Sunny with Occasional Rain
I met Bill during the interim job phase at Music for Pleasure. He was an imposing looking guy, early fifties, tall, rugged featured with a slightly shuffling gait. He was quite fearsome in some ways, often dressed in casual, safari type clothing, looking more like a backwater hunter than a record producer, but a producer he was –if of a somewhat different genre. Actually, he knew very little about music, but an awful lot about making heaps of money through music.
He had left Australia, his country of birth to look for opportunities in England. I don’t know why he left; he was never ready to discuss that time of his life. He was just here toying with an idea that he wanted to try. During this germinating period, he needed an income so he somehow managed to make a deal to take and sell Polaroid pictures of tourists shaking hands with a cardboard cutout of the Duke of Bedford at Woburn Abbey. A very successful venture – the entrepreneurial spirit in action. He was raking in a substantial income, which gave him the wherewithal to remain unencumbered and free to launch his big idea.
The idea was simple yet nauseatingly clever. He proposed to Pye Records that together they launch a label called Top Six – which became hugely successful and made him a fortune. The idea simply was to record every week, fortnight or month, cover versions of the top six songs in the UK charts, put all six tracks on one record, release it, sell it cheaply and promote it with the slogan that ‘you cannot tell the difference between this and the original’. Great value for money for the buyer who just wanted to listen to the songs and didn’t care too much about the integrity of the content, good business for the distribution company and big bucks for Bill. He was laughing all the way to the bank, whilst the producers of the original recordings wanted to string him up. Bill was thick skinned enough not to give a damn. He was paying all due royalties and was 100 per cent legal. The only creativity lay in the idea and execution. Pure marketing.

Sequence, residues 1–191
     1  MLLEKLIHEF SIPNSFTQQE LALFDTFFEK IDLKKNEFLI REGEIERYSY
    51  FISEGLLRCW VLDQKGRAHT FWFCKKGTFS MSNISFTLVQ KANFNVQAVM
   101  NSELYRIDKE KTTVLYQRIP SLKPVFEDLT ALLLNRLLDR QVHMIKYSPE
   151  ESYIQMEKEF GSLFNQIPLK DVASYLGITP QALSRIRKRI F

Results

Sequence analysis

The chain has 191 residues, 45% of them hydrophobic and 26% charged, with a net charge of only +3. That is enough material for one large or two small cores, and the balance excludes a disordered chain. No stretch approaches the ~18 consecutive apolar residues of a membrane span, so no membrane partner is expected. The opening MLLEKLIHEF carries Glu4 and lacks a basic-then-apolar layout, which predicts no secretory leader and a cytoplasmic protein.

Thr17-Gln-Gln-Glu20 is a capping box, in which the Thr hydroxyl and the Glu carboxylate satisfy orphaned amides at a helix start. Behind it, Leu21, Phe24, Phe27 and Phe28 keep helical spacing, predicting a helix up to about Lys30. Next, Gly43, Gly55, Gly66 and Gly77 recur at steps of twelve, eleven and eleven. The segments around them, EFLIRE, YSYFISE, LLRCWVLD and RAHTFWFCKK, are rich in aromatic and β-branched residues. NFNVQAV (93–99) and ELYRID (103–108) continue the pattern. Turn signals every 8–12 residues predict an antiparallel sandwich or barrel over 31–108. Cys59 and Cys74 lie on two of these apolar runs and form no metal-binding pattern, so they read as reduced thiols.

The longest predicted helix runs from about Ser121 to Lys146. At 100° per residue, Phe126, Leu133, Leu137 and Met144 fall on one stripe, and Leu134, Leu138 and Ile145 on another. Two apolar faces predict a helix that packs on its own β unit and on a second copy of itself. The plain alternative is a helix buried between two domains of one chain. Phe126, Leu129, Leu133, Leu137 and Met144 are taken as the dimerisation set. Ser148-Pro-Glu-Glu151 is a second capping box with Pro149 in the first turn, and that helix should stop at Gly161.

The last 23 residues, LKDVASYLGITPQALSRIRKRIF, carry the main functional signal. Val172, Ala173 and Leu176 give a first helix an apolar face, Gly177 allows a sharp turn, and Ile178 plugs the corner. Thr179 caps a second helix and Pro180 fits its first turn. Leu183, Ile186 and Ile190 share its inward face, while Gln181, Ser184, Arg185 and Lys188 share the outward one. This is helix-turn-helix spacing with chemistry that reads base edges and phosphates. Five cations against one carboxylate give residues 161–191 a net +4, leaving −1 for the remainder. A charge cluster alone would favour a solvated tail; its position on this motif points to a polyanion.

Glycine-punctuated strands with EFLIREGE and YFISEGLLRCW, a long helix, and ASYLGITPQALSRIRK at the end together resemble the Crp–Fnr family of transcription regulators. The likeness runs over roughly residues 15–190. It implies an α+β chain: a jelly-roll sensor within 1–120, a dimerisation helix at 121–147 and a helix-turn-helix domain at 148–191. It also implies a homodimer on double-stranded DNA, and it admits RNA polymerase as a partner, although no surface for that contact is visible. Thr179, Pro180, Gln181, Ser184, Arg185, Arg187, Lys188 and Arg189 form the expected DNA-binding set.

So when Music for Pleasure opened its doors with a similar model – cheap albums, re-releases, new marketable ideas, it was easy for Bill to slot the Top Six formula into the mix as a monthly cover version album of the top selling singles and set about making his second fortune. Which is when I met him, at the MFP offices and he one day unexpectedly suggested I go and work with him.
I was happy to leave my first and last regular employment but quite what my new job description was I never really fathomed out. Bill had a stunning mansion in Surrey where the office was set up in a sumptuous outhouse. There was me plus a secretary; and Bill who liked to hold impromptu ‘meetings’ whenever he drifted haphazardly into the office to discuss new product or just random ideas. I think he enjoyed shooting the breeze about our business and the people in it. He was not naturally a social person and only really let his guard down when he felt relaxed and not around perceived threats. Occasionally we would take his speedboat out and I would drive while he ski- ed. All part of the job spec apparently. Of course I attended all the regular recording sessions and met a host of good singers, musicians and music directors. But it was all quite surreal really, the whole world of just copying music was so against my intrinsic aspirations and being around an absolutely single minded and commercially oriented person was about as new and different an experience as I could have. Plus the money that this whole concept was generating seemed somehow immoral. . But it was in its own way fascinating and I had first hand insights into how an entrepreneur’s mind works, calculating the risks and rewards, how a simple idea can work and the shrewdness and ruthlessness that is required to execute it. I certainly learnt a lot about marketing, negotiating and the blunt realities of the business of music.
An intriguing chapter in my life. Unexpected but definitely a learning curve. Eventually though I desperately needed to get back to my own world, away from the sunny climes of millionaire Surrey and to the grubby familiarity of Ladbroke Grove. I essentially felt more at ease in this gritty and arty urban landscape, more familiar and edgy.
Sunny with Occasional Rain
Sunny with Occasional Rain is a blog series written by BKP Media Group CEO, Barry Kirsch, highlighting moments from his intriguing career.